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Lubov Azria, wife of Max Azria and Chief Creative Officer of the couple’s triple threat family of brands—Hervé Léger by Max Azria, Max Azria, and BCBGMAXAZRIA—is on a multi-city meet-and-greet this summer to garner buzz for BCBG's Fall 2012 collection. The line, which Azria says was "inspired by sport and the summer Olympics, with hints of Russian peasant" (see above for an example of what that looks like), drops in stores this August. We caught up with Lubov in Seattle and chatted with her about need vs. want, what it takes to pull off a bandage dress, and how to turn a blanket into a dress.—Alison Brownrigg
Racked: Is runway your baby?
Lubov Azria: Actually, they're all my babies. I oversee the designs for each line. But to me, runway is an aspirational collection. To be successful you have to find a balance between what you want and what you need. Runway is what you want. Casual, comfortable, practical everyday clothes are what you need. They may be beautiful, but not necessarily fashion forward. It's a balance. You can't have all of one type in your closet.
Racked: You brought Hervé Léger back to the spotlight in 2007 after acquiring the brand. How do you re-envision that line each season?
LA: Since it's based on the classic hourglass silhouette, we don't want to reinvent that iconic shape that the Hervé Léger dress is known for. I mean, we can add a flip here, or a slight A-line there, but we're not interested in starting suiting or something that it's not. So, we focus on the bandage technique, evolving and getting better at that particular weave, working with artists and designers to plan color schemes and themes. The woman who loves Hervé Léger loves it for the bandage weave.
Racked: The BCBG runway collection is flowing while Hervé Léger is fitted and body conscious. It's almost two different women you're talking to, since many women find the thought of wearing something so tight somewhat daunting.
LA: It's all about attitude. I used to be dancer, so for me, fashion is all about dressing up. Hervé Léger is all about attitude. The woman who looks the best in that line is the one who feels comfortable and beautiful in the dresses—regardless of her size. Many models can't pull off a Hervé Léger, but I have a client who is a size 16 and loves herself in them. It's that power. A woman who walks in wearing a Hervé Léger gets noticed and that's what they want. You have one life to live, go out and live it in beautiful clothes. People feel so much better about themselves when they're dressed well.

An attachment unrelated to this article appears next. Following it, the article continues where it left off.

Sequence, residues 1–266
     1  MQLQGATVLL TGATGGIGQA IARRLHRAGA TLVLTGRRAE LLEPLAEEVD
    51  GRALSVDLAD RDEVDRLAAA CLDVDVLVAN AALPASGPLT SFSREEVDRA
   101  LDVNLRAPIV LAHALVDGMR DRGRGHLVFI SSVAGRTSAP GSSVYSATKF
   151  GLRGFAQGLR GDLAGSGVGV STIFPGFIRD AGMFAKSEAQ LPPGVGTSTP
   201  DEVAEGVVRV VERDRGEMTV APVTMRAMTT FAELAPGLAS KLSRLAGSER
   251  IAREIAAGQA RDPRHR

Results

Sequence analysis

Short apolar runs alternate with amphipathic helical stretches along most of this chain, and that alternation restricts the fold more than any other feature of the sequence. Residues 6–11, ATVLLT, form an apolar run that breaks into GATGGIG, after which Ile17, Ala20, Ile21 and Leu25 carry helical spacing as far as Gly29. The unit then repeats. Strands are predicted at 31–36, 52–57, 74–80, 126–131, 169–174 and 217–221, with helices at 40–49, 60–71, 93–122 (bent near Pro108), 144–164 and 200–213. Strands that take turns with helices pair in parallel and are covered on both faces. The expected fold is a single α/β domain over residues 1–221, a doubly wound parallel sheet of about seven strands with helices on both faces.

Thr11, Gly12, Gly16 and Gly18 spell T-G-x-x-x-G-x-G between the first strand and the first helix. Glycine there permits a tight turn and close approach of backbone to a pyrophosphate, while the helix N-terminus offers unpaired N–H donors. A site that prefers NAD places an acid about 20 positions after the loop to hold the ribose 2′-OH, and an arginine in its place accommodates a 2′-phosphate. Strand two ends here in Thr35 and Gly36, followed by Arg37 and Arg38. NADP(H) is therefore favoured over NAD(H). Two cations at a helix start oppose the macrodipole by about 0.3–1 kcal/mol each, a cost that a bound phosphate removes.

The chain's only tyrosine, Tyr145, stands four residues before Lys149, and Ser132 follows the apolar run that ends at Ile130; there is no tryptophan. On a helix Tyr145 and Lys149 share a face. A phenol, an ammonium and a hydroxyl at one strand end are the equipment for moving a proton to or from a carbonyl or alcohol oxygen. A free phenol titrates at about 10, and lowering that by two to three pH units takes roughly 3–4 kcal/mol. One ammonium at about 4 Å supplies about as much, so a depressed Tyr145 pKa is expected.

Racked: BCBG's Fall 2012 collection is stunning and very cohesive. That Bauhaus-inspired color blocking with the drop-waisted 1920s silhouette is such a striking look. Was it hard to keep that constant without being repetitive?
LA: What we did at first was create about 15 blankets with different blocked colors and then we started draping with them, so each dress was always it's own thing from the beginning. It was about making sure the silhouettes, fabric, and color combos were cohesive. We have about 10 minutes on the runway to tell a story and if those aspects don't work, we can't tell our story. It's like a little puzzle that comes together.
Racked: You're a self-proclaimed perfectionist, but you seem to retain such grace under pressure. How do you manage that?
LA: (Laughing) Well at some point you have to let go. It's like with your kids, you can't control what they do, they have to make their own mistakes. You have to hope that everything turns out right. And actually that's how miracles happen, it's sometimes hard to let go and allow them to.
Racked: How much of your personal style makes it into the designs you approve?
LA: I think with a creative brand, it's all about your personal style. Or maybe more about your personal taste. Your aesthetic gets translated through the taste you're born with. Being European, being a dancer, and all those influences have really affected the things I associate with beauty. That becomes a taste level that I compare things to and is the lens that I use to make my creative choices.
Racked: BCBG is a very accessible line, both in terms of style and price. Was that a deliberate choice?
LA: Yes, it's my goal to make all women feel beautiful. The small things really matter to us and we could mark things up more, but that's not the point. I fit every piece that comes out of BCBG and I insist on details like French seams and tags that can be easily removed without damaging the garment. Everything is hand fed through a machine by a person. It's an attention to the details that I insist on because I do believe that the woman wearing the piece deserves the best. In fact, here's a tip: since all our garments are essentially made by hand, they're all a little different. If one size small doesn't fit quite right, try another size small. Seriously, one of the workers could have had a bad day that day!
· Max Azria Only Works Five Hours a Day, and Other Things We Learned From His Speech at Harvard [Racked]
· BCBG Max Azria's Runway After-Party: America's Best Dance Crew! [Racked]